- Egg donor and IVF complications insurance may also be recommended.
Surrogate base compensation
Unless you have a family member or friend who will be acting as gestational carrier, one of the biggest costs will be compensating the surrogate herself — anywhere from $35,000 to over $55,000. This is the portion of pay to the surrogate that acts as a salary for the service she’s providing, but it’s not all she gets.
Expecting twins or triplets? You may need to pay an extra $5,000 to $10,000 as part of your surrogate’s base fee.
Additional surrogate fees
Typically, surrogacy contracts include an itemized list of compensations that come on top of that base, so that your gestational carrier will be covered for other difficulties and expenses she’ll incur while pregnant. That can include things such as
- Lost wages for surrogate when she is on bed rest or traveling for the surrogacy
- Lost wages for a surrogate’s partner while she’s on bed rest or traveling for the surrogacy
- Surrogate (often and a companion) travel for medical visits, including visits for embryo transfers, regular check-ups, and any other pregnancy-related doctor visits
- A monthly allowance to cover odds and ends such as parking at doctor’s offices, postage, etc.
- Clothing allowance for maternity clothes
- Additional compensation if delivery has to happen via C-section instead of via a vaginal birth
- Childcare and housekeeping costs if the surrogate is placed on bed rest
- Therapy coverage for the surrogate to work with a counselor during the pregnancy if she wishes to
Surrogate and egg donor fees are typically held in an escrow account. Intended parents will place money upfront in a special, locked account according to the agreement outlined in the contract. Many surrogates are paid in monthly installments after pregnancy is confirmed.
Any medical out-of-pocket surrogacy costs not covered by insurance
From over-the-counter medications to medications and procedures the insurance company decides not to cover, there may be additional costs that add up.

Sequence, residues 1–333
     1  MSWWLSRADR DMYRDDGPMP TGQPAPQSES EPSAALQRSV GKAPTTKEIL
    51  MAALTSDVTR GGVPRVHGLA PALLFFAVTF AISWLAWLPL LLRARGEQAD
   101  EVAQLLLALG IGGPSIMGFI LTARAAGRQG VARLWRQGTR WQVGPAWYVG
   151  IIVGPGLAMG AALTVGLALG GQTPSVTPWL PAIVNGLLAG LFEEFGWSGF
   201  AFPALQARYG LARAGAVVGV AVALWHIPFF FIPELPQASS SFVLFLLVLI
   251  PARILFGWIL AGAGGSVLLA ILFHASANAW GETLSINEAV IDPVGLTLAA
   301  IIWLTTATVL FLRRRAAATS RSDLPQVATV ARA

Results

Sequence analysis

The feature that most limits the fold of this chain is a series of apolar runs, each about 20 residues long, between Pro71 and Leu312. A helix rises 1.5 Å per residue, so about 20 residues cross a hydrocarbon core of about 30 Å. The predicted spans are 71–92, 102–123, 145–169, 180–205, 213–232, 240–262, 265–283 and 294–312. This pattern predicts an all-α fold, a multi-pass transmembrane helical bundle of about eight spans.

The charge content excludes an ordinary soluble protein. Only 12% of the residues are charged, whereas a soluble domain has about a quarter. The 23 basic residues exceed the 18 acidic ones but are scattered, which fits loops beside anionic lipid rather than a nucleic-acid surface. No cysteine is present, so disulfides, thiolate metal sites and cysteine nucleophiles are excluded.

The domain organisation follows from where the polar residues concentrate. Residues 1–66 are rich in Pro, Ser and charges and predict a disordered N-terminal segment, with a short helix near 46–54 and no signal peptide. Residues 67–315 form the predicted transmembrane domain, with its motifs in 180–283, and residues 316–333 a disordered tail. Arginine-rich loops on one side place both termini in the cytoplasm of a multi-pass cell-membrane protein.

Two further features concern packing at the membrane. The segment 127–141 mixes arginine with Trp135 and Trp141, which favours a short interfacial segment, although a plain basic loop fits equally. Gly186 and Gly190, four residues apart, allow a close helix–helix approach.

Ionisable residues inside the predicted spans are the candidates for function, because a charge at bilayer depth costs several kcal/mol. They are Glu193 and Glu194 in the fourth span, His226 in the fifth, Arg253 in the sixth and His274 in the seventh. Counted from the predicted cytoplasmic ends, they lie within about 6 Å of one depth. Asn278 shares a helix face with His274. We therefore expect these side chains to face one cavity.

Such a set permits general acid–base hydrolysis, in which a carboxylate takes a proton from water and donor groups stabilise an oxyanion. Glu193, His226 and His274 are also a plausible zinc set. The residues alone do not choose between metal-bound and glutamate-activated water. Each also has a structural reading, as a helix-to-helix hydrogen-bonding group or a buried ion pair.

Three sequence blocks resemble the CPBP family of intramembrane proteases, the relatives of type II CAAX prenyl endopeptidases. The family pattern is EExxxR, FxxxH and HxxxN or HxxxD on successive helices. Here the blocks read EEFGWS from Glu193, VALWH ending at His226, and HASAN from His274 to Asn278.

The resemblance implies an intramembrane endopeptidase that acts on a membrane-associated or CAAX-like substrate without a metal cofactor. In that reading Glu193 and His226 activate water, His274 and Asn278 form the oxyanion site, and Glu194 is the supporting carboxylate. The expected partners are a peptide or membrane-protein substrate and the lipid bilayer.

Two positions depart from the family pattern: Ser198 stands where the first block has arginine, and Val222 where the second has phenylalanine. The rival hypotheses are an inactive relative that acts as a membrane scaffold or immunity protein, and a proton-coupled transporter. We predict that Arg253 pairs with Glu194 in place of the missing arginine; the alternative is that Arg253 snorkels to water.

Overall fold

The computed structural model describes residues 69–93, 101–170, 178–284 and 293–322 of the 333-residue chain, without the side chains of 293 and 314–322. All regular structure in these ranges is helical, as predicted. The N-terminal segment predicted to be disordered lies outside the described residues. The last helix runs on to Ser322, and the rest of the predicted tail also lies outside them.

Surrogacy costs after baby is born
Once the big day arrives and your baby is born, you’re going to have a ton of diapers to buy. But before you start thinking about all the costs of getting a child to 18, you’ve still got some surrogacy-related bills you’ll need to pay.
- Legal fees: Yup, there are more of them after the baby’s born. Because your baby was delivered by a gestational carrier — even if the baby is biologically related to you — you may have to establish parenthood in the eyes of the court, which means attorney fees and court costs. If you traveled internationally to find a surrogate, you may also have to pay to establish your child’s citizenship.
- Breast milk: You may want your surrogate to pump her breast milk for your baby. If she’s amenable, you’ll need to compensate her as well as paying for her supplies such as the breast pump and bottles. If she isn’t local, you’ll also need to factor in shipping costs for the milk.
- Lost wages: Maternity leaves aren’t just for moms to bond with baby — they’re also for a woman to recover from delivery. You should expect to pay your surrogate for the time she may be out of commission after the baby comes — anywhere from four to 8 weeks.
- Health costs for the surrogate: As her body heals, you’ll likely still be paying for your surrogate’s medical care. Health and life insurance premiums are typically paid by the parents for at least three months after the delivery, but it could be extended to six months if there were complications during the pregnancy or delivery, Hasenbush notes.
Is that everything?
The fertility journey can be a bumpy road, and sometimes Mother Nature doesn’t cooperate. If a surrogate does not get pregnant after three rounds of IVF or if she suffers a miscarriage, you may need to find an alternate surrogate and this could incur more fees. Your agency will help you find another surrogate most likely, but you may not recoup the money paid to or on behalf of the first surrogate.
At the end of the day, surrogacy does cost money. There’s just no way around that. But we recommend you take advantage of the resources out there — talk to the doctors and lawyers in the business and form your team to make it happen. We’re here for you, keeping our fingers crossed.
Jeanne Sager is a writer and content strategist, currently on the Content Marketing team at Teach Starter, a site offering educational teaching resources for elementary school teachers. Her inspiration for becoming a writer was born from the positive influence of her third-grade teacher, who saw the writer in her and selected her and her best friend to write, cast, direct and film their own historical plays. Sager’s teacher ignited a passion in her for stringing words together, and it’s never left. Sager’s career journey organically grew into journalism, content marketing, social media and helping develop brand tones. Her goal is to grow brand awareness to contribute to the greater good. She is currently a Content Marketing Manager for Teach Starter, a site that offers educational teaching resources for elementary school teachers.